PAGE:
About this book
- he first book on action research published solely for a palliative care audience
- Provides an overview of some of the theoretical frameworks of action research
- Written by international, multi-disciplinary authors who explore a collaborative approach to embark on research
Participatory research is a relatively new method of researching practice especially within palliative care. It differs from other methodologies in that there is an expectation of action within the research process. The values that underpin participatory research are collaboration, empowerment, and reflection. In the current climate of collaboration and working with people in healthcare, participatory research methods are gaining increasing interest when there is a desire to bring about change. Organisational change is becoming an important focus as we look at ways of not only reducing costs but at the same time improving quality of care.
While palliative care puts the patient and family at the centre, Participatory Research in Palliative Care discusses a new research methodology that puts practitioners at the heart of the research process as collaborators who work together with researchers to resolve problems in practice.
Divided into three sections, it provides theoretical groundings of action research, a greater focus on exemplars from studies within palliative care, and discusses prominent issues when using such a methodology. All three sections are illustrated by an action research study undertaken by the author within a palliative care setting.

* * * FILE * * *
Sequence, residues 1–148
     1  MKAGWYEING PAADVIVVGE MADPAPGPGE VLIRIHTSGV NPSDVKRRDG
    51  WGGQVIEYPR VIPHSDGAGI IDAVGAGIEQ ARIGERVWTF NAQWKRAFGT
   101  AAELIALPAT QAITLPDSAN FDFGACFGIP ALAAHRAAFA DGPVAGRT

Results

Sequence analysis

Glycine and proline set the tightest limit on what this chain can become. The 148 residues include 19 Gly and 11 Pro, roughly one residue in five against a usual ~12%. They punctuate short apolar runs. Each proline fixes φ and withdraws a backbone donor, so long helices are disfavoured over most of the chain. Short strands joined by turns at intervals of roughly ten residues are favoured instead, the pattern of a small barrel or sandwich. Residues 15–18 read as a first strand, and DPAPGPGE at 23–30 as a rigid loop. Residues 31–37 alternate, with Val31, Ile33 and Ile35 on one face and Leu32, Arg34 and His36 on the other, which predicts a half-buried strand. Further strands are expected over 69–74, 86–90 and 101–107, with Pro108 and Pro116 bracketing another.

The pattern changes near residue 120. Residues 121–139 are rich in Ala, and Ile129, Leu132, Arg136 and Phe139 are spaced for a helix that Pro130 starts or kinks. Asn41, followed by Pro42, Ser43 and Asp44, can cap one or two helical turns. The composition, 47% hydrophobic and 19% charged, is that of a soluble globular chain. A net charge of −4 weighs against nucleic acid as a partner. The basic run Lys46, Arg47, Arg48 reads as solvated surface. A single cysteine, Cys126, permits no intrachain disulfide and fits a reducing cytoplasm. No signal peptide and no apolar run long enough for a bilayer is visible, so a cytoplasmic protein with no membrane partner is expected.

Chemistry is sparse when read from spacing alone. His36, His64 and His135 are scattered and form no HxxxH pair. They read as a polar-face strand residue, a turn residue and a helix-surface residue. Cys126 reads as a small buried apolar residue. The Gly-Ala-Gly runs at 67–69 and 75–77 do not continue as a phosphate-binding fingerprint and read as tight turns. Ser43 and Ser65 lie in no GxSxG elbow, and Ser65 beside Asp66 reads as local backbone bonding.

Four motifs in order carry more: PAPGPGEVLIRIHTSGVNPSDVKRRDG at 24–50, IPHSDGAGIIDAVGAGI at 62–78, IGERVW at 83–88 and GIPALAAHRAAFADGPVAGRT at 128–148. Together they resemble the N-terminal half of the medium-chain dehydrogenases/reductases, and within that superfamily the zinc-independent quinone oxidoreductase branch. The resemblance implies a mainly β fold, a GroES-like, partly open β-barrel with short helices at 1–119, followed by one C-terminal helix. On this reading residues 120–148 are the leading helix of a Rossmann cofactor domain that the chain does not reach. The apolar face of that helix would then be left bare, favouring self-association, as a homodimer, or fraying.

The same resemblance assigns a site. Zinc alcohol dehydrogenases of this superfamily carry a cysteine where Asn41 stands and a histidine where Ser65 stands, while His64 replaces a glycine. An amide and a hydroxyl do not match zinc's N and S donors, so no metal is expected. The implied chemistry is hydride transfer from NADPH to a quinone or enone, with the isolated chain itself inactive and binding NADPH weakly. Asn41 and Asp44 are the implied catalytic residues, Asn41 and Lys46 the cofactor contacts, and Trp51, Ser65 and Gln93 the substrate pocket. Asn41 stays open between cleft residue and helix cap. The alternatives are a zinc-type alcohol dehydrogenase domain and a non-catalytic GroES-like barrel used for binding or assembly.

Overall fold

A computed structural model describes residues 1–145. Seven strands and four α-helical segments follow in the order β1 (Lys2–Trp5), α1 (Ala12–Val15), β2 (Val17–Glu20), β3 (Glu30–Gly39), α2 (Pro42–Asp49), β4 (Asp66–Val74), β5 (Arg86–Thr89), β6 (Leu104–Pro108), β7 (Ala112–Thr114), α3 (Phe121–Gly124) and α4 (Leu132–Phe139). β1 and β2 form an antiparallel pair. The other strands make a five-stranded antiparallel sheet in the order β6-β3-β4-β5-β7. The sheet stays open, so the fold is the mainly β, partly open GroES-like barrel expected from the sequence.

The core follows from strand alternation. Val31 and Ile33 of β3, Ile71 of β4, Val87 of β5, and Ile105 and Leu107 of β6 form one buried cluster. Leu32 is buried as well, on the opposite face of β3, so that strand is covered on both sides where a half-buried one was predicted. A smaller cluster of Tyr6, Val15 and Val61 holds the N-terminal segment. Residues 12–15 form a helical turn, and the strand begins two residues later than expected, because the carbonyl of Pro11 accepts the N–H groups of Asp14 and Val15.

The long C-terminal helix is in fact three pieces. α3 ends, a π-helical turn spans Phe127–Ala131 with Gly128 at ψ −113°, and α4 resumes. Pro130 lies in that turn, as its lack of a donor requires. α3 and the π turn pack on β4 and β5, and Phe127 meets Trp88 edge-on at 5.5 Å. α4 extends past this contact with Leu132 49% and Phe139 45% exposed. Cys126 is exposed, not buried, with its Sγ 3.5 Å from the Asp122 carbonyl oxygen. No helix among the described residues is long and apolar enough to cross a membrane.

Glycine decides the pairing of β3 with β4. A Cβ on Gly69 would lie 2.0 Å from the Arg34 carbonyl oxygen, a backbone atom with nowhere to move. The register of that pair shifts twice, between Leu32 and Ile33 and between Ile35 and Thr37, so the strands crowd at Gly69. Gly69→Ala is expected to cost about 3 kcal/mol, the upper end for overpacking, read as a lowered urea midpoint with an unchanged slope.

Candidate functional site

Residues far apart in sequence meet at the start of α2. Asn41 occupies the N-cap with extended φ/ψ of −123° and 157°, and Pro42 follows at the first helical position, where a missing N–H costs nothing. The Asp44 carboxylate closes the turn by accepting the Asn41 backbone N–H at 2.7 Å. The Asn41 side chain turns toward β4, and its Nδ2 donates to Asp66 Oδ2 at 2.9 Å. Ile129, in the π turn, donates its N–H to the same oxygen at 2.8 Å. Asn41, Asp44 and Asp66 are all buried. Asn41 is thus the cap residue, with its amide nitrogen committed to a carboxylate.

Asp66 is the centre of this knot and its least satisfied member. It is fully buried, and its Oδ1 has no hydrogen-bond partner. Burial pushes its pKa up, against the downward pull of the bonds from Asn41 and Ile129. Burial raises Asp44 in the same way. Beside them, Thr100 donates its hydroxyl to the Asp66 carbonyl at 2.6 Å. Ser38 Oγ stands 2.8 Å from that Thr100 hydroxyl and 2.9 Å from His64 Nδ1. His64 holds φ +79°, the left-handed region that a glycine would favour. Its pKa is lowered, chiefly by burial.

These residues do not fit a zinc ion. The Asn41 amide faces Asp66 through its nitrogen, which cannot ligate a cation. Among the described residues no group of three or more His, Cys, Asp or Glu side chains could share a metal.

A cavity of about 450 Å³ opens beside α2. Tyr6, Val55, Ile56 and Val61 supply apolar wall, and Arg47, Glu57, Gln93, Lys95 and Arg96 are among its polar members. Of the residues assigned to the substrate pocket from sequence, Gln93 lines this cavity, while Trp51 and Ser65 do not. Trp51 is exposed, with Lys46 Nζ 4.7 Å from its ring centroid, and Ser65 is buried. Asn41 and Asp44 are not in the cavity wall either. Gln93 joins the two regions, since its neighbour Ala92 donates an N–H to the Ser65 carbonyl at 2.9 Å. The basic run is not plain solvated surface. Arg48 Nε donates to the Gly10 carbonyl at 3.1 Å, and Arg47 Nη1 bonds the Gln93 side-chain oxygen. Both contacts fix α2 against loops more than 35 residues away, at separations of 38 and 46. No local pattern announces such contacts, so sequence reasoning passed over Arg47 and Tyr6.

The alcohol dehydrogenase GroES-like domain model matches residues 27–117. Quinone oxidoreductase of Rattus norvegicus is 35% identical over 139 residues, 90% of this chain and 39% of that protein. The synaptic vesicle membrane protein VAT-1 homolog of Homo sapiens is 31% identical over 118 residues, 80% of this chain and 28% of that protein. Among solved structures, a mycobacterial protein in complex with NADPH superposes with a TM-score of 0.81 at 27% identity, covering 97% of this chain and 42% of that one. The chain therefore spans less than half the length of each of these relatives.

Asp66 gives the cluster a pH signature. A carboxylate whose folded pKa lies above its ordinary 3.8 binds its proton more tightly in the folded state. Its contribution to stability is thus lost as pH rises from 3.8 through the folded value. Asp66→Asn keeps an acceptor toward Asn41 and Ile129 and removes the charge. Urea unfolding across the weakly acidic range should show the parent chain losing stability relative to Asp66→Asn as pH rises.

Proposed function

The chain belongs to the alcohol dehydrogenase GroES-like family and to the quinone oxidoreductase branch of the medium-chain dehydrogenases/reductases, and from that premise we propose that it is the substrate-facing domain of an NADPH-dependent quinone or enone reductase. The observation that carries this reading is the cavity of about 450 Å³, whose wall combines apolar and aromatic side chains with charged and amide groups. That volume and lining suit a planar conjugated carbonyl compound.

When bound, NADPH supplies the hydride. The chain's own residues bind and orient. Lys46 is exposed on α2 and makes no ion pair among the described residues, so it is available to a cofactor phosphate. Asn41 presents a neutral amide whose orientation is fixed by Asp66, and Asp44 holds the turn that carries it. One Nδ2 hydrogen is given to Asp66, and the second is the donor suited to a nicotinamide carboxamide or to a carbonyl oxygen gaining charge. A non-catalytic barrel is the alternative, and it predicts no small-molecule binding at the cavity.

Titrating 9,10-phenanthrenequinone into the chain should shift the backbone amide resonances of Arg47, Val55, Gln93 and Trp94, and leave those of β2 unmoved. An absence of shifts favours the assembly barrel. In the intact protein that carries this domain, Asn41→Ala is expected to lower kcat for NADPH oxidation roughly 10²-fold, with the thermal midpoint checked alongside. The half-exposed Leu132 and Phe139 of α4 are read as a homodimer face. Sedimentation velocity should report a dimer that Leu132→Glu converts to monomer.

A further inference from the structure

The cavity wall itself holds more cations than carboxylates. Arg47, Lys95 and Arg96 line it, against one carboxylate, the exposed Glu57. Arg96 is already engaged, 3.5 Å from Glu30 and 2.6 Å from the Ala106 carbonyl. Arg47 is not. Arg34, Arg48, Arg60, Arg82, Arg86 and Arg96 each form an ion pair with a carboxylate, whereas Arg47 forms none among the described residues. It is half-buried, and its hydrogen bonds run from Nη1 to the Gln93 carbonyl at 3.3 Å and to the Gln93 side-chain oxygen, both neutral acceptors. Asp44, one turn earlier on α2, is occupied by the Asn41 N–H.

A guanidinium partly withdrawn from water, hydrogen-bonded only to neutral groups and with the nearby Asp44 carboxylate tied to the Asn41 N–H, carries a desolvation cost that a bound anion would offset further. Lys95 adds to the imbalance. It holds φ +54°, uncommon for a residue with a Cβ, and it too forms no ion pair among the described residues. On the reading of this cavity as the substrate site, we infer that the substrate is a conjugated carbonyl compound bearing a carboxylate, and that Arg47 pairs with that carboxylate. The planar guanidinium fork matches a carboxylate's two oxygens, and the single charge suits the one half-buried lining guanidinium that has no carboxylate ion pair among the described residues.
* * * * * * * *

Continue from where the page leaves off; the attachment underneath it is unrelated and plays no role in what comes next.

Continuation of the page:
Participatory Research in Palliative Care is written by international, multi-disciplinary
authors who explore a collaborative approach to embark on research. It will
appeal to health and social care professionals, academics undertaking research
within palliative care, and the management of organisations where people with
end of life care needs are cared for, including long-term care homes.
Readership: Suitable for health and social care professionals caring for people and their families at the end of life, as well as academics undertaking research within palliative care, and the management of organisations where people with end of life care needs are cared for, including long term care homes.
Table of contents
Meredith Minkler: Foreword
List of Contributors
Introduction: Jo Hockley, Katherine Froggatt, and Katharina Heimerl: Setting the scene
Section 1: Groundings
1: Jo Hockley, Katherine Froggatt, and Katharina Heimerl: Action research: an overview
2: Jo Hockley: Critical theory and participatory research
3: Katharina Heimerl and Klaus Wegleitner: Organisation and health system change through participatory research
4: Mary Lou Kelley and Margaret McKee: Community capacity development in participatory action research
5: Geralyn Hynes: First, second, and third person inquiry
6: Caroline Nicholson and Julie Barnes: Appreciative inquiry
Section 2: Exemplars
7: Steffen Eychmüller and Franzisca Domeisen Benedetti: Community palliative care in Switzerland: from assessment to action
8: Sue Read: Addressing bereavement support involving people with intellectual disability in England
9: Patricia White and Marie Lynch: Palliative interventions and acute respiratory care in Ireland
10: Sharon Kaasaleinen: Improving pain management in Canadian long term care homes
Section 3: Issues
11: Sharon Andrews, Fran McInery, and Andrew Robinson: Power relations: enhancing the delivery of a palliative approach in an aged care setting
12: Kevin Brazil: Issues of diversity: participatory action research with indigenous peoples
13: Elisabeth Reitinger and Erich Lehner: Gender perspectives in Austrian participatory research in palliative care for older people
14: Katherine Froggatt: Demonstrating quality and rigour in action research: peer education on end of life issues
15: Geralyn Hynes: Addressing sustainability: a hospital-based action research study
16: Katherine Froggatt, Jo Hockley, and Katharina Heimerl: Challenges for collaboration